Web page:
Katrina hushed her friends. When they finally settled down, she began to tell the tale of “The Gate.” They had all heard rumors about the gate and the nearby woods, but Katrina promised them the real story. “I heard it from my uncle, who heard it from a guy who knew someone who was there,” she said.

“It was the 1950s, and at that time this whole area was the property of an exclusive all-girls school. The elite of Libertyville—doctors, lawyers, politicians—all sent their daughters there. Unbeknownst to them, a dangerous man had recently been hired as one of the school’s janitors.

“They should have paid more attention to who swept the halls and took out their trash, because this particular man had been spurned by the wife of a local politician, whose daughter now attended the school. It had been years since the incident, but this man would never forget the pain he felt. He swore revenge, not just on the politician, but on all the village’s elite who had treated him like dirt.

Categories
Mysterious America

Maple Lake’s Tragic History

Most visitors to Maple Lake in southwest suburban Chicago come for recreation, some to witness unusual lights that emerge from its water at night, but few know of the lake’s violent past.

Every spring and summer, visitors by the hundreds of thousands descend on the southwestern corner of Cook County. They come to the Palos and Sag Valley Divisions of the Park District to ride horses, hike, and bicycle on the trails, or drop a fishing line into one of the dozen lakes and sloughs. Many grab a quick bite at the Ashbary Coffee House before heading south down Archer Avenue to 95th Street. There they enter Pulaski Woods under a canopy of maple trees and continue east until they reach Maple Lake, a man-made body of water roughly half a mile in width. With its wide, curving shores and tranquil waters, it is a deceptively peaceful place.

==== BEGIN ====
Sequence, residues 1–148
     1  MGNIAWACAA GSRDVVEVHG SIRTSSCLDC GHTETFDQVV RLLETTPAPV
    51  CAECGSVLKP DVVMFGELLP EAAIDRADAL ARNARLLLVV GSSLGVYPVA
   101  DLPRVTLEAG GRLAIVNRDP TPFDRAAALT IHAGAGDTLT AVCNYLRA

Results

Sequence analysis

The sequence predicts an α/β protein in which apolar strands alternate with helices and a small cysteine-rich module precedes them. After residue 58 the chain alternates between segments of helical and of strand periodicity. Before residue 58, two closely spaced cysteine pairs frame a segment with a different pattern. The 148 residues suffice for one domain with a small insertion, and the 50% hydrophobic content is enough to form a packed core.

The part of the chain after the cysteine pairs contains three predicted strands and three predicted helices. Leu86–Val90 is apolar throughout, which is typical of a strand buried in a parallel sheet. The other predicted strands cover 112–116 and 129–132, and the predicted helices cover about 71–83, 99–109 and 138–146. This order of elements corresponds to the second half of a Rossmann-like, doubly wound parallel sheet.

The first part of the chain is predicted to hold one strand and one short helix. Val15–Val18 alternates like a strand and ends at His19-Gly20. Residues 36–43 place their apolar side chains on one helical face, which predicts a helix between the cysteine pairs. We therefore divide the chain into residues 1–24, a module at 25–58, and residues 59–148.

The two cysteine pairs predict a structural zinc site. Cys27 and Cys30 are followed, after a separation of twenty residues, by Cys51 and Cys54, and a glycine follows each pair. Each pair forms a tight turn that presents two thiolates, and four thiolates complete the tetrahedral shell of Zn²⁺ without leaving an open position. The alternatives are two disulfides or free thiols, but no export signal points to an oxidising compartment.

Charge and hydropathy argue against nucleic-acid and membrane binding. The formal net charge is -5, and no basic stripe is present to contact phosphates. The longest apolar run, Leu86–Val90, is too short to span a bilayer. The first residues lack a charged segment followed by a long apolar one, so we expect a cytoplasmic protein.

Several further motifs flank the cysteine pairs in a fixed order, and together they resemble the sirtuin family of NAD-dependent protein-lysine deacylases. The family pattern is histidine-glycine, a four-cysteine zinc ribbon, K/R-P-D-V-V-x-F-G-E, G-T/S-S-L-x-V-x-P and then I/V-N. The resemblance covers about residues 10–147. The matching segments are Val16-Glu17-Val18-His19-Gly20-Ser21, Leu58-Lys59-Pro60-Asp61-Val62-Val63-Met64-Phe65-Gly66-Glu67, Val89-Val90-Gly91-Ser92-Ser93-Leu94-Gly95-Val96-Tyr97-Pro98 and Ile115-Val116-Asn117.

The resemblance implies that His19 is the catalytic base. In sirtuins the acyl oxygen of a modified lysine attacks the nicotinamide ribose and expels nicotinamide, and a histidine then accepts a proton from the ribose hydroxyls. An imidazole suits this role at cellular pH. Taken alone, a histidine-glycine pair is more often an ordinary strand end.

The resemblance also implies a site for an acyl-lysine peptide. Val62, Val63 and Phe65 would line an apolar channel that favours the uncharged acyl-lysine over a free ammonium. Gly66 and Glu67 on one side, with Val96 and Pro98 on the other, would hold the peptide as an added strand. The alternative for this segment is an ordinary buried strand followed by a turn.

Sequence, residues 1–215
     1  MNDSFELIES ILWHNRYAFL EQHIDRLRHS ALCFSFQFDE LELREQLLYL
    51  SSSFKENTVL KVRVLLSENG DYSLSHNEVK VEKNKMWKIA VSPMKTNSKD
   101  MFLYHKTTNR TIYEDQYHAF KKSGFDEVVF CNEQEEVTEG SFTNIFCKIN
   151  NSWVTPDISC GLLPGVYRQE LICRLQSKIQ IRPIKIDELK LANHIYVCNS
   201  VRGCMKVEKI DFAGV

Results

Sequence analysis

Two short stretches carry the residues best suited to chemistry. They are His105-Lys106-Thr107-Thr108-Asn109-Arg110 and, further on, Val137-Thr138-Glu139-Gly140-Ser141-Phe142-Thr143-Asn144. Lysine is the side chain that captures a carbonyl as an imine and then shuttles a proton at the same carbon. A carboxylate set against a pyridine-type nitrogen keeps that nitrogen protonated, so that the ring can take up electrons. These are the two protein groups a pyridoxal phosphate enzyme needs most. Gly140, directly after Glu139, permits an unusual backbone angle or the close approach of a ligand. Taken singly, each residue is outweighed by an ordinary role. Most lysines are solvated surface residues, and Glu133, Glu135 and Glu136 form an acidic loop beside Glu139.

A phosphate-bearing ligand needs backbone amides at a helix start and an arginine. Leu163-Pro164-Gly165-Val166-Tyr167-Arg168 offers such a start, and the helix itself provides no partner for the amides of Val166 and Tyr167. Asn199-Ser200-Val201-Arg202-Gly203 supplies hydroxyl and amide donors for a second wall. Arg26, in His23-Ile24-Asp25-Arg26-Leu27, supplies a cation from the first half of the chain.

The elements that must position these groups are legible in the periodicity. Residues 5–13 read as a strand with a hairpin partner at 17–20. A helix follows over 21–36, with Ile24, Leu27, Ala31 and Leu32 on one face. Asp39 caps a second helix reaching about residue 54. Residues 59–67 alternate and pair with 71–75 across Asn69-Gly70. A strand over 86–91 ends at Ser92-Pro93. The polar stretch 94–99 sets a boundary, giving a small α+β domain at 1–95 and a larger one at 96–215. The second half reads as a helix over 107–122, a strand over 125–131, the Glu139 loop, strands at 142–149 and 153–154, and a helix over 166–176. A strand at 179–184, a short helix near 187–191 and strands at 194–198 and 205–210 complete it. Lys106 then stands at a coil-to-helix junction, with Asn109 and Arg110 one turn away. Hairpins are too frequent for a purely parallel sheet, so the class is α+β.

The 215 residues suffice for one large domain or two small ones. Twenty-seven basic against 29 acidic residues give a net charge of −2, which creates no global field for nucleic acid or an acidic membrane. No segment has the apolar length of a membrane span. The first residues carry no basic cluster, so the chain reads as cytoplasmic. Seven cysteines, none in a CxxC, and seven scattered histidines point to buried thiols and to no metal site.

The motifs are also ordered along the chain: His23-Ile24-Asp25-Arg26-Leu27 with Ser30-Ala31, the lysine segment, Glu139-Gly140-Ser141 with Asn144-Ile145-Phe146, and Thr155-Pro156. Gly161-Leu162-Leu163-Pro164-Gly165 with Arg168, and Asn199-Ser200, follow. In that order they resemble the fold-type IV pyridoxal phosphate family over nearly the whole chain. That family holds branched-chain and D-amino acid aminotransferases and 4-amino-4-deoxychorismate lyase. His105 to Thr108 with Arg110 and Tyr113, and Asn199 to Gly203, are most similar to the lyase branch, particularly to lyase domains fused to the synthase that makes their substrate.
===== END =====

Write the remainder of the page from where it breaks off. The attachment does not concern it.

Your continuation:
Over the years, Maple Lake has acquired a reputation for the unusual. A handful of visitors—those who stuck around after sundown—have reported seeing strange lights hovering over the lake. These lights, although they are the subject of speculation by every chronicler of Chicagoland folklore, are just the tip of the iceberg. Maple Lake has a grim history into which few have delved.

Categories
Mysterious America

Abandoned in New York

When it comes to urban exploration, New York has it all. The Empire State stretches across 54,555 square miles. Relics of the past can be found in every corner.

Upstate New York is filled with abandoned, out-of-the-way places. Each represents someone’s dream; a career; fond memories; a home; all quickly fading into the past. But explorers beware: while most of the following places are open to the public, some are restricted and you visit at your own risk.

Camp Beechwood

An abandoned Girl Scout camp deep in the woods is something from a horror movie, and you can experience it yourself in Upstate New York. In 1929 the Girl Scouts of America purchased 150-acres between Maxwell Bay and Sill Creek for use as a summer camp.

Unfortunately, rising tax rates, declining membership, and environmental factors led to the camp’s closure and sale in 1996. New York State bought the land but budget cuts forced it to designate the site as a preserve. The buildings were left to rot. The camp is remarkably well preserved for having been abandoned and accessible to the public for over two decades.